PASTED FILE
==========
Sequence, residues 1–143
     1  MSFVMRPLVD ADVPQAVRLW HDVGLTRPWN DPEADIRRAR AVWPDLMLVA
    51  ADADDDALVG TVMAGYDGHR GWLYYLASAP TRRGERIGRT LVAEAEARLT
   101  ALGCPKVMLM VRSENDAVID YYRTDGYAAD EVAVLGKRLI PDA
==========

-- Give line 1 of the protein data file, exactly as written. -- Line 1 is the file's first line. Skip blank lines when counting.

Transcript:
Sequence, residues 1–143